5 Financial Best Practices for Publishers

April is financial literacy month, which for those of us in digital advertising might raise the question: What does financial literacy entail for publishers?

The key is understanding all the data surrounding ad buys to ensure publishers know exactly what they’re selling and receiving in return, reconcile discrepancies between their books and those of advertisers, and identify areas that need improvement.

But let’s get more specific. Here are five things publishers should be doing to shore up their finances.

5 Financial Best Practices for Publishers

Reconcile Discrepancies

Publishers get billed on third-party ad server numbers, so they should monitor and reconcile discrepancies between their first-party ad server and third parties. Then, they need to send the finalized numbers to their finance team for billing, often via an order management system.

Publishers should be able to automatically reconcile these discrepancies so that they can more quickly identify campaigns not meeting their delivery goals and resolve issues. Automated reconciliation also avoids disconnects between advertisers and publishers, as well as between ad ops and billing, saving everyone time and improving both relationships.

Automate the End-of-month Process

By automating the EOM process, publishers can send invoices to their customers weeks earlier, leading to earlier payments. For example, by automating the usually manual process of consolidating third-party data with first-party data, publishers might be able to push up invoicing from the middle of the month to the first few days. They can also streamline and verify the transmission of financial data from ad operations to the finance team.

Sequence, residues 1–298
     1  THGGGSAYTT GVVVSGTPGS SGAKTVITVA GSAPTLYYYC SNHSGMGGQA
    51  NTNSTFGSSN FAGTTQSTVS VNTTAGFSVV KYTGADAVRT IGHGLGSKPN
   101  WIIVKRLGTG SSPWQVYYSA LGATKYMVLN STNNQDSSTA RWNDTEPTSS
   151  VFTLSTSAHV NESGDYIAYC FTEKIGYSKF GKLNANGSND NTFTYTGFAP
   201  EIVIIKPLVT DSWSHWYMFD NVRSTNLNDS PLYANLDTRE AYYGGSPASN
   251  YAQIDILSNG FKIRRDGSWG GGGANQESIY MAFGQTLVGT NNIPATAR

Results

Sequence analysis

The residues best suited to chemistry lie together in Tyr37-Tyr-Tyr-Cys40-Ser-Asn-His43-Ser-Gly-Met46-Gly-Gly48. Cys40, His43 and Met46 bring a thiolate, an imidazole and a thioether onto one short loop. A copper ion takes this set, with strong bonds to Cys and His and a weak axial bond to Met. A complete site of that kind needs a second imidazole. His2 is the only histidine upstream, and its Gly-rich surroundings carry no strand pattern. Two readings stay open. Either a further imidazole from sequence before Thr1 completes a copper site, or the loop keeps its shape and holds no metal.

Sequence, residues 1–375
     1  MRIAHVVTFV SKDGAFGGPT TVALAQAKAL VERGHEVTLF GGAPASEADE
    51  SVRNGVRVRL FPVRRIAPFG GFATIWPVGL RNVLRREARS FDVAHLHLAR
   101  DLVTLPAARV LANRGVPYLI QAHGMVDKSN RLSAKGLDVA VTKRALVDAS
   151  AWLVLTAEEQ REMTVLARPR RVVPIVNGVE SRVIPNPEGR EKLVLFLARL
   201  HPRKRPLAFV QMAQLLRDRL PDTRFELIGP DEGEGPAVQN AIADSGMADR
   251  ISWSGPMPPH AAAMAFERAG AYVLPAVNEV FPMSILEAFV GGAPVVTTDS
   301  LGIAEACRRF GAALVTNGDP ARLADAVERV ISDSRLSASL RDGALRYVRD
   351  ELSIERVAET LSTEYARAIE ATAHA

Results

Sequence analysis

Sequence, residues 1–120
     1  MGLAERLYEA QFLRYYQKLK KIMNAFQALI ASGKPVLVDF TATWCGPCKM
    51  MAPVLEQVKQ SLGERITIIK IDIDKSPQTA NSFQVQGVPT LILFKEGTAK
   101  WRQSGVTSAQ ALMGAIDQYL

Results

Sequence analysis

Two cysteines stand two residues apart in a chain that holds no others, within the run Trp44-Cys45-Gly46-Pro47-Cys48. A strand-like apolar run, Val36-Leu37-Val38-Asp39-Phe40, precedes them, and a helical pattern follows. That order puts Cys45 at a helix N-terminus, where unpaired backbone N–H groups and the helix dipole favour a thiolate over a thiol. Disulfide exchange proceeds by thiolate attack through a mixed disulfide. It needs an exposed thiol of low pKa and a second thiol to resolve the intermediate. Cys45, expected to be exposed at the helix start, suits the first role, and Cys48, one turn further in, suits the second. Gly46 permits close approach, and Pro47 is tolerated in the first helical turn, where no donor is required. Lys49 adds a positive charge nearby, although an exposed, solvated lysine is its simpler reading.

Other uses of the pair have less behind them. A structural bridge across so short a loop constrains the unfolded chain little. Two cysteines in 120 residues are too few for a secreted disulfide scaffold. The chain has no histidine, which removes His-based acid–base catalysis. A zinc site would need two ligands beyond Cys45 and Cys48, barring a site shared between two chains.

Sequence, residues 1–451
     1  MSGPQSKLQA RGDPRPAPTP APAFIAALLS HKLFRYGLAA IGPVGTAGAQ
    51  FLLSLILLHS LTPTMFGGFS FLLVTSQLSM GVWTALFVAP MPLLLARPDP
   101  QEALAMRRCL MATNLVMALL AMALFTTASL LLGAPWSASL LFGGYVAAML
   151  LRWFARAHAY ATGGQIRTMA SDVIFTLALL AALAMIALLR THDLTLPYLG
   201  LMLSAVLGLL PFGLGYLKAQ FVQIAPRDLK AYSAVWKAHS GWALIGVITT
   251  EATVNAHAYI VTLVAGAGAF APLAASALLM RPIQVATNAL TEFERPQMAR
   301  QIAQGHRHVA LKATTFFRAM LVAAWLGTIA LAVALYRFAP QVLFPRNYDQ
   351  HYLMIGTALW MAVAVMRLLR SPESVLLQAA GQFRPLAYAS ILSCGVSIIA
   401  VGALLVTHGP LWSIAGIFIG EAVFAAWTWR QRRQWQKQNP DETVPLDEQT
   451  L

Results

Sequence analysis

Another manual task that publishers can automate to speed up EOM is making adjustments for over-delivery. For example, if you delivered 50,000 more impressions than you were supposed to, you’d be able to automatically take that out of the invoice. 

Finally, they can automate assembling different metrics (such as impressions, viewable impressions, or co-view impressions) for different campaigns based on OMS information. 

Get Good at Forecasting

Publishers who forecast their direct-sold inventory with high accuracy maximize their yield — which is particularly true if their business is susceptible to seasonality or external events. For example, it’s really difficult to know how to optimally sell inventory based on Black Friday traffic if you don’t have a model capable of anticipating an unusual spike in inventory availability.

Besides driving higher sellthrough rates and revenue, accurate forecasting also provides publishers with higher confidence in their overall financial planning. Use industry benchmarks and seasonality to try and forecast programmatic yield as well.

Predictable revenue is critical to making virtually all other business decisions. 

Automate Tasks Where Possible

Publisher teams, especially ad and revenue operations, are generally mired in a lot of rote work, such as data aggregation, reconciliation, and reporting, that can and should be automated. By automating as many tasks as possible, publishers will keep their teams happy (because they won’t be saddled with busy work), allocate talent optimally, and increase their bandwidth to perform more revenue-driving tasks, like taking care of clients.

Brush up on Revenue Reporting

Periodically, review which aspects of publisher data are included in executive reporting. This allows rev ops teams to align management on the KPIs they should prioritize. For example, it might be pertinent for management to know which sites perform relative to others. Or there may be shifts in display and video revenue. Ad ops people should regularly review which facts they’re putting on the executive team’s radar to facilitate strategic adjustments.

Reconciling discrepancies, automating EOM, mastering forecasting, automating tasks where possible, and updating executive revenue reporting will help publishers solidify their finances, identify prime growth opportunities, and ultimately instill greater confidence in their decision-making. That’s what financial literacy is all about.